Simulator Day #5 was exceedingly difficult. Most of the flying involved a hot-and-heavy profile with engine fires and other failures degrading performance; mistakes yielded a fatal outcome. The worst emergencies started with two failed generators (the airplane only has two), IFR at 41,000 feet. In the CE 525, multiple systems depend on electrical power. When both of the CJ’s generators fail, all that’s left is the battery, leaving about ten minutes of power unless immediate action is taken.
If neither generator resets (and they never do in the simulator), you flip the switch from “Batt” to “Emer-power” to decrease the load. The challenge is to get to an airport with the 30 minutes of endurance of Emer-power. In the simulator, of course, the available airport is always low IFR.
It takes an awfully long time to get down, more challenging with spoilers in-op. At 3,500 ft/min, it took ten minutes to reach Reno’s IAF altitude. That left twenty minutes to set up, shoot the approach, and land. Plus, the steam-gauge emergency instruments are scattered across the panel. Available instrument approaches are limited to the VOR and ILS, all hand-flown, since there’s no autopilot.
Astonishingly, the approach and landing were successful, even though I nearly crashed when I looked down to switch to “Batt” for gear and flaps. Returning to level flight effectively centered us on the localizer, a lucky break. Breaking out, the panel flicked to black; emergency braking ensued.
During debriefing, I asked Norwood if the dual-gen failure might come up during the test. He replied, “Everything we do is fair game.” I muttered something about being doomed.
I began to suspect that Simuflite instructors viewed owner-pilots less than positively. It wasn’t so much about the stereotypical Type-A pilot writing out a personal check for the airplane, but the experience of such owners compared to their professional counterparts. Most pros rise through the ranks, flying a variety of piston, turboprop, and jet aircraft, operating Part 135 or 121, where teamwork is paramount to safety, comfort, and efficiency. CRM is well-understood and long-practiced.
But, for the owner-pilot who likely has little or no turbine experience, stepping up to a jet can be daunting. Not only are the airplane and systems unfamiliar, most owner-pilots fly single-pilot, no CRM. Further, unless the owner has logged current instrument time in terminal areas, he or she will be just hanging on. Simulator scenarios are typically conducted IFR in terminal environments in terrible weather; landing at the destination airport is the exception, not the rule.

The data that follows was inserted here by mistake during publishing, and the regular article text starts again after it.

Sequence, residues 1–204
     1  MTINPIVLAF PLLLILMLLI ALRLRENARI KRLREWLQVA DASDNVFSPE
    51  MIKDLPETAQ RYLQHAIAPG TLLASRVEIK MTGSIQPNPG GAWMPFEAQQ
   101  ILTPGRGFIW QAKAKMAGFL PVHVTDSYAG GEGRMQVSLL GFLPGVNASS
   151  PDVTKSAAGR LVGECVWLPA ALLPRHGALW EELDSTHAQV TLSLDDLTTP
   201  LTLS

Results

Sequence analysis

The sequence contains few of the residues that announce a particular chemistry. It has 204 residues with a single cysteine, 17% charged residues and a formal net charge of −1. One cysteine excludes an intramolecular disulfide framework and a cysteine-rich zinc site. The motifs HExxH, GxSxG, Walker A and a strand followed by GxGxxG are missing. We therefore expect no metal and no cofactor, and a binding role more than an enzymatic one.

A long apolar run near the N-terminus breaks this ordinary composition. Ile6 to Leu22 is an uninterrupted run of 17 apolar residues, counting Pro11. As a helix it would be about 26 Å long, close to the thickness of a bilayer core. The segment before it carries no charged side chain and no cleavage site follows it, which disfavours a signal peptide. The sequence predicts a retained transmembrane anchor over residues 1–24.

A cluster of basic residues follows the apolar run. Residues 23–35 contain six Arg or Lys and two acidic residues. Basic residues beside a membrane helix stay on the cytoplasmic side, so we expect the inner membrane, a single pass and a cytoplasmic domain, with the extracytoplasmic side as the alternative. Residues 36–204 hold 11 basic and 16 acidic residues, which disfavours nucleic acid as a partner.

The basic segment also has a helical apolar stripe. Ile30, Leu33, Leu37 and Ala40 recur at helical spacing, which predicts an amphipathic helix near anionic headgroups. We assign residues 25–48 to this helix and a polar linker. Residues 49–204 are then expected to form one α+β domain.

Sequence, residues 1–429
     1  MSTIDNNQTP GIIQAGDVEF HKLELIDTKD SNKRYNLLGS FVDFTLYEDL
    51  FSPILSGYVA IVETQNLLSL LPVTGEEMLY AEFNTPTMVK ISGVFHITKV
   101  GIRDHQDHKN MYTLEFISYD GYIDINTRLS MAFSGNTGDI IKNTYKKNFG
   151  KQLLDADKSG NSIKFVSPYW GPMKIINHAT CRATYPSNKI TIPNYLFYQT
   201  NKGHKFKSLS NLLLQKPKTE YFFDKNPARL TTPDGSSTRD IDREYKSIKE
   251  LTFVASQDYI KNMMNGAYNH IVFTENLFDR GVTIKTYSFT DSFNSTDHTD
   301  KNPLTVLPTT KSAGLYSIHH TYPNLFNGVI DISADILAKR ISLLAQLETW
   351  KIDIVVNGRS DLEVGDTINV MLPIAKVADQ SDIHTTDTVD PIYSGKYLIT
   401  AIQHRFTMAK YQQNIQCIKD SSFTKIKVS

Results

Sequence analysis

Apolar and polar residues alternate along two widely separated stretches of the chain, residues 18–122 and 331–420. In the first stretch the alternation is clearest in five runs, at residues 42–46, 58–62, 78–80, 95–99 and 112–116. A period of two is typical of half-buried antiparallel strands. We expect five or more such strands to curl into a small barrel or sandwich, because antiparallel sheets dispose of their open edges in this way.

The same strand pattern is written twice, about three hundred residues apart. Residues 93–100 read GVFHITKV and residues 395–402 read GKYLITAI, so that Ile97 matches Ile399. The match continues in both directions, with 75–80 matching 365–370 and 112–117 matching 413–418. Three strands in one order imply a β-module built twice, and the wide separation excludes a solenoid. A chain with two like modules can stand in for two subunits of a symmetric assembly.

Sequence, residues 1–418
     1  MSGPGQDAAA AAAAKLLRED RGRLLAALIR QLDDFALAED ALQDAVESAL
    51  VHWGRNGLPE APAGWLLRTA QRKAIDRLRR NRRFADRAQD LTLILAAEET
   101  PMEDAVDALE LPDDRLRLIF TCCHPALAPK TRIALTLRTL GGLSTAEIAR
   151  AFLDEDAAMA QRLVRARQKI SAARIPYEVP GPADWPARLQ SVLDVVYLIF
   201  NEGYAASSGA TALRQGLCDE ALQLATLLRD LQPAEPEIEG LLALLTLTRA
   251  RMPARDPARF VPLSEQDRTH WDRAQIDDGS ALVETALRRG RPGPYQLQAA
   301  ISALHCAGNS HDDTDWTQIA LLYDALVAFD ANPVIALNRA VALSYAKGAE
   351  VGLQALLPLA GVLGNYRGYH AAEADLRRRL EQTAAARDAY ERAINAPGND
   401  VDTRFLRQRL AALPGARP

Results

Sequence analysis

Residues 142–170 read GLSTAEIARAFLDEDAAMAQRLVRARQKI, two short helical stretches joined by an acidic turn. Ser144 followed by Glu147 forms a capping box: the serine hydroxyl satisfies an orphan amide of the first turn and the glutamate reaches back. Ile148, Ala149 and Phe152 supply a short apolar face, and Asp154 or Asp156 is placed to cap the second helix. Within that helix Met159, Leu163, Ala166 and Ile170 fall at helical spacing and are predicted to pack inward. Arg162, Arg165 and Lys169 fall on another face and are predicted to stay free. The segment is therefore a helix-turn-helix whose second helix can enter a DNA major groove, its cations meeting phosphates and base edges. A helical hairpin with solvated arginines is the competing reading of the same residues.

As we advanced, I only collected points for maintaining a good attitude. Session #7, rehearsal for the test, went okay with only one checkride-busting mistake – after breaking out for the circle-to-land at Kennedy, I prematurely disengaged the AP, causing a balloon back into the clouds.
Each client must receive the chief instructor’s blessing to proceed to the test. While failure at this point is dreadful for the client, the credibility of the school is also on the line. Failing is bad for all parties. To this end, there can be some extra training to focus on clients’ weak areas.
KK and I went to seek our blessings. KK’s performance was ranked in the top 5% of the class. My grade was not discussed. However, KK stated that we were good to go, and the chief instructor agreed. Although I appreciated KK’s enthusiasm, I fretted that I might take her out while serving as copilot.
As with the previous sessions, the checkride begins with an oral test and preflight briefing. The examiner expects each candidate to know all the speeds by heart and asks many systems questions. The examiner describes the weather and the scenarios to be expected. Simuflite forbids the creation of more than one emergency or abnormal event at a time during the checkride; it‘s up to the client to create the others (ha). KK and I both passed the oral test; off to the simulator.
I’d been sleeping poorly throughout the training. Thank goodness it was Free Donut Day at Simuflite. Food is banned in and around the simulator, but I ate one before entering and smuggled two into the cab.
We decided that I would fly first, with KK as copilot. Ironically, the examiner had us departing out of Kennedy, using the same runway that had taken us out in session #2, in similar weather.
Amazingly, the engine failure on takeoff ended well; we leveled off at 2,000 feet, declared an emergency, and pulled out the checklist. KK read off the steps and I executed them. We were able to restart the engine and continue our journey.
Next came steep turns and unusual attitudes, handled smoothly. I didn’t even need to sneak a donut.
Following multiple abnormal and emergency approaches at JFK, we headed to Nevada and experienced an explosive decompression at 35,000 feet. Well-rehearsed, we dive for the ground at redline, knowing the passenger masks only work below 25,000 feet.
The examiner kept the simulator running; we were still in the game. I couldn’t believe that everything had come together so well. I even managed to survive the violent wind shear event at SFO. Two more hours of flying, and we were DONE.
During the debriefing, the examiner reviewed what went well, and what didn’t. “During those steep turns I was pretty sure you would bust. But the computer says you were within the 100-foot maximum deviation so I have to pass you on that” and “When you were holding at JFK I was pretty sure you would stall, but you didn’t, so I have to pass you. That was one of the worst checkrides ever. Congratulations, you passed.”
I left the debriefing deflated, but still, I passed! KK suggested the examiner must be having a bad day, but I was dubious. I hoped it was that he didn’t like owner-pilots.
A few days later, our freshly-minted ratings in hand, we picked up our new-to-us CitationJet. The real airplane was a pleasure to fly, with no failures or fires. And, well, should my terrifying, anxiety-producing memories begin to fade, there’s always next year’s recurrent training to look forward to.